Sen. Audrey Gibson, the leader of the Senate Democrats, on Tuesday defended her vote against legislation that would combat campus anti-Semitism.
However, the sponsor of the House companion bill (HB 741) placed Gibson in the tradition of “Congresswomen Ihlan Omar and Rashida Tlaib,” and demanded the “Senate Democrat Caucus to hold Leader Gibson accountable for these statements.”
“Fighting anti-Semitism is something that used to bring all Floridians together,” said Rep. Randy Fine. “But it is comments like these by the Democrat Leader of the Senate that creates divisiveness – not legislation that will reduce it,”
“It is sad that in the world propagated by Washington Democrats like Congresswomen Ihlan Omar and Rashida Tlaib and Tallahassee Democrats like Audrey Gibson, fighting anti-Semitism is ‘divisive.’ In this time of rising anti-Semitism around both the country and globe, it is unconscionable that the most powerful Democrat in the Florida Senate would vote against banning discrimination based on anti-Semitism,” Fine added.
“I would strongly encourage the Senate Democrat Caucus to hold Leader Gibson accountable for these statements. It was my hope that Florida would take a united stand against the anti-Semitism coming out of the Washington; while that hope is now dashed,” Fine added, “I am still optimistic that our Republican Legislature and Governor DeSantis will repudiate the Omar/Tlaib/Gibson position and make that statement loud and clear.”
Prior to Fine’s statement, Gibson said the bill, which she was alone in voting against in the Senate Judiciary Committee, was fighting the “wrong battle.”
“As it currently stands, this legislation fights the wrong battle, and targets the wrong enemy. It restrains school children from making anti-Semitic statements, but removes culpability for those who actually carry out anti-Semitic hate crime attacks,” Gibson said.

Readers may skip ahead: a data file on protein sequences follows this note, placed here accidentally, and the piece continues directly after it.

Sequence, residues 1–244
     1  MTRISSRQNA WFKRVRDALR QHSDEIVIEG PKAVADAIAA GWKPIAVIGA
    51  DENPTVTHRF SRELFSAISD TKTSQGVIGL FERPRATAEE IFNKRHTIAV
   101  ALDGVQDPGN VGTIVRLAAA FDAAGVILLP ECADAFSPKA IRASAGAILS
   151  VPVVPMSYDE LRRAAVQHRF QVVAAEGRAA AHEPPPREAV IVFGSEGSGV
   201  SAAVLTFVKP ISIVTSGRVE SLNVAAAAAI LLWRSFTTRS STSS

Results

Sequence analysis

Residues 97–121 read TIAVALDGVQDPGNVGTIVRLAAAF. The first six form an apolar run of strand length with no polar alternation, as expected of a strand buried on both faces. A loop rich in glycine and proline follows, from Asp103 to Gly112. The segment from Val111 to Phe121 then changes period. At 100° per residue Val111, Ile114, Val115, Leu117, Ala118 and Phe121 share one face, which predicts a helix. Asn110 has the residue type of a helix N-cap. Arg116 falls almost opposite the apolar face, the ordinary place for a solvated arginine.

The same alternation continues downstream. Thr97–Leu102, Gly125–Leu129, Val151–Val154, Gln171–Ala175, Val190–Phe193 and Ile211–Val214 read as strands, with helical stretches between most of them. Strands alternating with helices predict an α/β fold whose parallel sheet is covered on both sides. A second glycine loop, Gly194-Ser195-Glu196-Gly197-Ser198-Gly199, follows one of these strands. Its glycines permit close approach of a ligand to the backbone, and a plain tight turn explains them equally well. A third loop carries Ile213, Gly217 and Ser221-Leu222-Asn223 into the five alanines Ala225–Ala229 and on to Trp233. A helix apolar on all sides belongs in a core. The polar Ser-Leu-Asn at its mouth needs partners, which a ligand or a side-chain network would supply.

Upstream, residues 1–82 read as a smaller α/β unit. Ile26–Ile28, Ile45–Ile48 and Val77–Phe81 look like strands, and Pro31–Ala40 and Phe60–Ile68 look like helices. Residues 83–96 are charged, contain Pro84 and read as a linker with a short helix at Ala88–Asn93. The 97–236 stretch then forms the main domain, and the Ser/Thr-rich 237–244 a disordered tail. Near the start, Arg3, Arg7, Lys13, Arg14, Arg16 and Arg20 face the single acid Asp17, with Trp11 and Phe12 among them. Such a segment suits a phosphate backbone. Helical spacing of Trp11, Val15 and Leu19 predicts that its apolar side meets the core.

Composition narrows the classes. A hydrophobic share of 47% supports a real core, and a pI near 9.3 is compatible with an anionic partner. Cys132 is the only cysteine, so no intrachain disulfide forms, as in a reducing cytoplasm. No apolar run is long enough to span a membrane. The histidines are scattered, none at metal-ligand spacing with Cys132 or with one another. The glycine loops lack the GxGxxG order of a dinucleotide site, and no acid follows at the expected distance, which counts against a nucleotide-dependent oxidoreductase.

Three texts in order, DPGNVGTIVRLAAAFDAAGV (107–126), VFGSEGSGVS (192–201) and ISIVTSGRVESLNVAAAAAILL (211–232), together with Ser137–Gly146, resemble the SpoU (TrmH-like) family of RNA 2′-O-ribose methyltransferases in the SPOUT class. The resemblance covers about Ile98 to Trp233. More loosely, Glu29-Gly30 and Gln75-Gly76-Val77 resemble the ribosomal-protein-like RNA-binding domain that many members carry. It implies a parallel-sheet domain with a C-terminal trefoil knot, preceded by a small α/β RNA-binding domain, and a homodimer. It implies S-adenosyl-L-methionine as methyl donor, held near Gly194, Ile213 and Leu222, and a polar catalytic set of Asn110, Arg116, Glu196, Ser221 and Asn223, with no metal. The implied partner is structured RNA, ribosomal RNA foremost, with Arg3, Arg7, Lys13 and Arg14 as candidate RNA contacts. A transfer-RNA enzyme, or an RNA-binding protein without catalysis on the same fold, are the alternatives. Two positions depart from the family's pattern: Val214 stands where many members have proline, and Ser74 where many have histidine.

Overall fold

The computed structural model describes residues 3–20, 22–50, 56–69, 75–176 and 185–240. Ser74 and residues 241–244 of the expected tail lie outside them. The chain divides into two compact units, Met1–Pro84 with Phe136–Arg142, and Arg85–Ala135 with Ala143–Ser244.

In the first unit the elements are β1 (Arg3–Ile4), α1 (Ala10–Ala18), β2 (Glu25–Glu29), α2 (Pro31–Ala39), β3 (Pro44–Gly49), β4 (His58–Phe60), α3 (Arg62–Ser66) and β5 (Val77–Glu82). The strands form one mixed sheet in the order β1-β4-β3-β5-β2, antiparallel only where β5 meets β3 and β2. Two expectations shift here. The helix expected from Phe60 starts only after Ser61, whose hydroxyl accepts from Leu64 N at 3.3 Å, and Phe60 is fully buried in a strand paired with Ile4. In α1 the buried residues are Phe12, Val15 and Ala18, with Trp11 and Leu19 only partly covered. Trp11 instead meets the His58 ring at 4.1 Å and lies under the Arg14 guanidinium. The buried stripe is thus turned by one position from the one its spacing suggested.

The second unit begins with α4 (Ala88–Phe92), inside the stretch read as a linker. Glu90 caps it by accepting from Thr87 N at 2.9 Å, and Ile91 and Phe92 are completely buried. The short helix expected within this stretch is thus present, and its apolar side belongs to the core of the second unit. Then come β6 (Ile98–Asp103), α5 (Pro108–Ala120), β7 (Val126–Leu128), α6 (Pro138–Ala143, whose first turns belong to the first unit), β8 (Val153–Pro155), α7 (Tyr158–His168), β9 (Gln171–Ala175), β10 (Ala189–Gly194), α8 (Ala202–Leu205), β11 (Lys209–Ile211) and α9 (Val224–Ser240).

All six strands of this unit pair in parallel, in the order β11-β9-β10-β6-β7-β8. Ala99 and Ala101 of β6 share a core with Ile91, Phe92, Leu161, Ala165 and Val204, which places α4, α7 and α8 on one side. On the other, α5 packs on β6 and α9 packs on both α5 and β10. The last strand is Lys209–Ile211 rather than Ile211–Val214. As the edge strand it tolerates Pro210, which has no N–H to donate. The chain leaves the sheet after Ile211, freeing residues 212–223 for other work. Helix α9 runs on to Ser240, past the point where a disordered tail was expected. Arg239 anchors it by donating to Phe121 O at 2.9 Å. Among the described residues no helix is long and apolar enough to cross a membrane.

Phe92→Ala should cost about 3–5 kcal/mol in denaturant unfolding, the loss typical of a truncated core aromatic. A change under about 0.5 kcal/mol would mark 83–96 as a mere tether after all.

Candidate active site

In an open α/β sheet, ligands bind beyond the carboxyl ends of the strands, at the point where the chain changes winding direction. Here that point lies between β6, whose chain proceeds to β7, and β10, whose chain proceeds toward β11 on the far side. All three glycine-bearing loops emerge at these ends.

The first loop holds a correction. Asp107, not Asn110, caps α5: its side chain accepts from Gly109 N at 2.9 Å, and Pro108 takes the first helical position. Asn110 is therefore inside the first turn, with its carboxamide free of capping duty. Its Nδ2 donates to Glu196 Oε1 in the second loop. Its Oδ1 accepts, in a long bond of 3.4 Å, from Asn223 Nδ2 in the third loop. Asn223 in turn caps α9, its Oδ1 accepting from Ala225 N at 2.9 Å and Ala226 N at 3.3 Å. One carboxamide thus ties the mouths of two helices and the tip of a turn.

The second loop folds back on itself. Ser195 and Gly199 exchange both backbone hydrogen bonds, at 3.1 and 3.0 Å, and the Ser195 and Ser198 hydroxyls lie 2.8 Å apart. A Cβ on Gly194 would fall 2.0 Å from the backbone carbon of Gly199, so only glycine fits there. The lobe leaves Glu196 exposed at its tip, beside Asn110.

“SB1272 may be well-intentioned, but it fails to protect the very constituencies that have been the subject of hate crimes in Florida, and in this country. My goal yesterday and going forward continues to be ensuring that all religions are protected. That’s why I raised the questions I did during the Senate Judiciary Committee meeting on Monday. But the bill currently falls short in guaranteeing that equal protection,” Gibson added.
Others, including the Council for American Islamic Relations, have expressed concerns about what they see as equal protection issues in the bill.
Gibson may yet change her position, her statement added.
“The legislation has additional committee stops before it’s presented to the full Senate for a vote. I hope that the guarantees that are needed – as the bill sponsor alluded to – will be provided before it comes before me again in the Rules Committee. I look forward to a meeting on this bill with stakeholders this afternoon,” Gibson added.
Indeed, the bill has two more committee stops before it’s ready for the floor.
Gibson’s apparent walkback of her position comes after her no-vote led off POLITICO Florida Playbook on Tuesday.
“I will tell you this kind of thing is what creates divisiveness in this country,” said Gibson. “It’s an intentional piece of legislation to divide.”
Gibson also questioned the motives of bill sponsor, Sen. Joe Gruters, in committee.
We asked Gibson how the members of her caucus saw her vote, and if she worried about a leadership challenge. She has yet to respond.
Gibson is not the first Jacksonville Democrat to experience pushback for controversial comments about people of the Jewish faith.
Rep. Kim Daniels is still being held accountable for comments she made from the pulpit before she became a legislator.
“You can talk about the Holocaust,” Daniels said, “but the Jews own everything.”
However, Daniels is a member of the House Education committee now. And that committee moved Fine’s bill without a no vote.
Fine’s bill is now on the House Special Order calendar.